Three steps to optimal cybersecurity

ISACA
By Neil Lappage, Security Advisor, ITC Secure and member of ISACA Emerging Trends Working Group
Wednesday, 01 November, 2023


Three steps to optimal cybersecurity

In Australia over the next 12 months, more than 68% of companies expect the same or an increased level of cyber attacks, according to ISACA’s latest research report: State of Cybersecurity 2023, Global Update on Workforce Efforts, Resources and Cyberoperations.

Furthermore, respondents report low confidence in their organisation’s ability to detect and respond to cyberthreats, with only 36% being completely or very confident. While this is extremely troubling, it is not surprising.

New advancements and developments in technology, including machine learning and artificial intelligence, are changing our digital world and providing new opportunities for malicious attacks. Compounding this are high levels of understaffing, reported by 65% of respondents, and somewhat or significantly underfunded cybersecurity budgets, as reported by 61% of respondents.

The Australian Government recently announced it is stepping up cybersecurity efforts with a plan to protect our nation via six cyber shields by 2030. This is extremely encouraging, and the effectiveness of these shields will be measured over time by decreasing reports of cyber attacks.

For me, the first shield is key. It proposes, “education of citizens and businesses to understand those actions they can take to protect themselves, and have proper supports in place so that when they are the victim of a cyber attack they’re able to get back up off the mat very quickly”.

On the frontline, dealing with cyberthreats and breaches daily, I see a concerning number of organisations that rely solely on prevention measures. They’ve outsourced the cybersecurity role or bought a Microsoft solution that remains ‘partially in the box’ and believe their work is done.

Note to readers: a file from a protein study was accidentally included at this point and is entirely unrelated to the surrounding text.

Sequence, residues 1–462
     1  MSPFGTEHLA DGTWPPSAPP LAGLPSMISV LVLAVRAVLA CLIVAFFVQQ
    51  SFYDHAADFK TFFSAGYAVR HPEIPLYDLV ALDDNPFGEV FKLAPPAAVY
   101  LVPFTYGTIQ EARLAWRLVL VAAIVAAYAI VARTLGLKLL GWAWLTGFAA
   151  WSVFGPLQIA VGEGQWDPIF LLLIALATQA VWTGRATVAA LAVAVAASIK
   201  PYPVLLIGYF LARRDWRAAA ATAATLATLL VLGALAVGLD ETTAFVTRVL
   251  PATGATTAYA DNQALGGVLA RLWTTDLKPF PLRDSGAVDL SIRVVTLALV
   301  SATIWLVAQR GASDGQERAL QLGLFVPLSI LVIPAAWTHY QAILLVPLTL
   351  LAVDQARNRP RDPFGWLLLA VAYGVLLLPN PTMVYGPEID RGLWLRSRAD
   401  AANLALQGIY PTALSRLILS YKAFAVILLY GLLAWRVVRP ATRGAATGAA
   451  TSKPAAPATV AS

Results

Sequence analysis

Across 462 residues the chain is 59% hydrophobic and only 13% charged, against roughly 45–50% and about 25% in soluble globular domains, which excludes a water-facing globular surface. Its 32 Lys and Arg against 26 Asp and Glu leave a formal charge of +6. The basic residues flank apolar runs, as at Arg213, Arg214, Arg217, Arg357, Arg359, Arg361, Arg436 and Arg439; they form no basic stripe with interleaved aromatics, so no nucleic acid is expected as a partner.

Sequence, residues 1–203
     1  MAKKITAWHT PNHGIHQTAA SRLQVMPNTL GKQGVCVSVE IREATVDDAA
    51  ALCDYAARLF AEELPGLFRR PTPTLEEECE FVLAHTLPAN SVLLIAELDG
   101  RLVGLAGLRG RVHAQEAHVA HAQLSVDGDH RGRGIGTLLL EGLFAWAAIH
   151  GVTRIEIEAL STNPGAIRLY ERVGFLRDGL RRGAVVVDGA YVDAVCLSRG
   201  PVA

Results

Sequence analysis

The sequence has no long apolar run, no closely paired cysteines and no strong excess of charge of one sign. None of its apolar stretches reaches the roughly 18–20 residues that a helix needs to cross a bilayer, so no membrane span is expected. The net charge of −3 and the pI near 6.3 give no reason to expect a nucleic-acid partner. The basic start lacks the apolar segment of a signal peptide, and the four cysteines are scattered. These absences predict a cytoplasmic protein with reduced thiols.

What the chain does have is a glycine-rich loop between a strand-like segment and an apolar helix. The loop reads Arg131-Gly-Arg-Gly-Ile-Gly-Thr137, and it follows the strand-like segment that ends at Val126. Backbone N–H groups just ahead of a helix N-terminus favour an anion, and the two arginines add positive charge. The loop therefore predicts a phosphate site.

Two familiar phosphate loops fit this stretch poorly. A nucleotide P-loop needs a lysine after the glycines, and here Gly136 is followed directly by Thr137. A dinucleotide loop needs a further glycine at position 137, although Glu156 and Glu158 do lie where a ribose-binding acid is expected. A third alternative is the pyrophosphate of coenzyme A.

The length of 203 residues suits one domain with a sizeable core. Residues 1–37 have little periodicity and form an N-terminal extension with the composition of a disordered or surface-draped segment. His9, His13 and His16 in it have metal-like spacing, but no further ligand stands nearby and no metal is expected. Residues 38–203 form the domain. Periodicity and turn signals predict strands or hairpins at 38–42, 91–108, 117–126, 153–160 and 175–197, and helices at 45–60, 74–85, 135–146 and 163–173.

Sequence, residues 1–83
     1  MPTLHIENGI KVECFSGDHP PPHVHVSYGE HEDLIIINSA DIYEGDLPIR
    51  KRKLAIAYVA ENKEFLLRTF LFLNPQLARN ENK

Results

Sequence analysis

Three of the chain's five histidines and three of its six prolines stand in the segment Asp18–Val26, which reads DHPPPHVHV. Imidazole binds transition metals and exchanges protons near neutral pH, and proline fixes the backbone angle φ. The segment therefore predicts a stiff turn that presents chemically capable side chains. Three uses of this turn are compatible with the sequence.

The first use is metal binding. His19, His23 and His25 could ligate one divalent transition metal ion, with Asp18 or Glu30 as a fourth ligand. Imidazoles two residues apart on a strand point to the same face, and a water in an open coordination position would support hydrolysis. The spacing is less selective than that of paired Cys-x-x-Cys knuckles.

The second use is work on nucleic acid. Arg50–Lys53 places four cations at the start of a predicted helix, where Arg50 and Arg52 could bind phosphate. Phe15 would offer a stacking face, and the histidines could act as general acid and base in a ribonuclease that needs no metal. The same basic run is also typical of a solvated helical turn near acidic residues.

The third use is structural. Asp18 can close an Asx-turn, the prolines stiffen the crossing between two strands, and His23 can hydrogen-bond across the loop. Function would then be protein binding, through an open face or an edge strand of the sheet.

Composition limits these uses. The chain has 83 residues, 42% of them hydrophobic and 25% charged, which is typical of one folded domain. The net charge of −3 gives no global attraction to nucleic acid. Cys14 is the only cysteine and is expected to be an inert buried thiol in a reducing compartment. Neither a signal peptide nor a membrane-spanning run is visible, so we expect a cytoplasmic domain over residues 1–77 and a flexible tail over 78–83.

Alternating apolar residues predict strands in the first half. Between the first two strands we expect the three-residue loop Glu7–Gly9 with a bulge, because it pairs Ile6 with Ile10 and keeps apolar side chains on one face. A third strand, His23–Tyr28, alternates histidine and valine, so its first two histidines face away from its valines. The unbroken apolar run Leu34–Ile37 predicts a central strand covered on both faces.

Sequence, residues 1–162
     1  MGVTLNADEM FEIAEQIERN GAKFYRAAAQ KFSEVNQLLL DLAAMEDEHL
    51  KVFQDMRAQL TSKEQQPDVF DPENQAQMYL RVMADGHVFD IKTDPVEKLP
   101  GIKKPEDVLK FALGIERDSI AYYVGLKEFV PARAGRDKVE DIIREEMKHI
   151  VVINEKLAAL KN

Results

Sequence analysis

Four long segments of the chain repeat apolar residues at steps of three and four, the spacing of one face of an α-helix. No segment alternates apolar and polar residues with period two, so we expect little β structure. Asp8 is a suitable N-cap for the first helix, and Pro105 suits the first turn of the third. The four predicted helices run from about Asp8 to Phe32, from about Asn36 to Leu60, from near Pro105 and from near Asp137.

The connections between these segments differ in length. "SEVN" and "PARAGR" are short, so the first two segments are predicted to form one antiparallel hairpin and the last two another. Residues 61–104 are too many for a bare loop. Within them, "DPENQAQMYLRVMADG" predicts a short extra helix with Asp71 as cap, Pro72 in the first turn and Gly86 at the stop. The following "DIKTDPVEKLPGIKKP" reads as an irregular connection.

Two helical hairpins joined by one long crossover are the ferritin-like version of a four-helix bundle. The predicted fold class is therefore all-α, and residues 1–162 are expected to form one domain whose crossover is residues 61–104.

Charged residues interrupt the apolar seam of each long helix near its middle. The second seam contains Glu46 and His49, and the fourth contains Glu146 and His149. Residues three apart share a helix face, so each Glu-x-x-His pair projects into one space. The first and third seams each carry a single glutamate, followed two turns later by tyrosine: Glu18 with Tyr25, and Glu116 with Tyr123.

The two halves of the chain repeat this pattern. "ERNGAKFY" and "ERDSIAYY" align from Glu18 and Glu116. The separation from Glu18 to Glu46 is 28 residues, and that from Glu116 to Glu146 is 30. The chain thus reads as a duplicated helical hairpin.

No doubt prevention is essential, but what sets companies apart when it comes to optimal cybersecurity management is realism and forward thinking.

The government’s first cyber shield encompasses this — a holistic approach that moves beyond purely prevention, pointing to the benefits of recovery and having an incident response plan in place.

Those organisations that recognise we live in a world where cyberthreats are relentless and ever-changing, executed by threat actors who are becoming increasingly more sophisticated in how they attack and invade organisations, are the ones most prepared to withstand a breach. They are in the driver’s seat, actively reviewing and updating their strategy, assessing the cyber landscape and altering their approach — no matter the prevention steps in place.

We don’t just put a new timber fence around our house and think we’re completely safe. We still need to treat and maintain the wood regularly, we still need to lock the door and windows, and we still need to activate the alarm. Even despite these prevention measures, there is a possibility people can jump that fence, break a window and deactivate the alarm.

In line with the government’s first recommended Cyber Shield, an optimal security strategy has three key components:

1. Prevention

No amount of outsourcing or prevention measures should lead to passivity. The organisation must be in the driver’s seat, actively instigating improvements from inside the company.

While this involves robust security measures including intrusion detection systems, regular system updates and firewalls, it also means creating an organisational culture of cybersecurity awareness. Educating and training staff about good cyber habits can help avoid many common threats.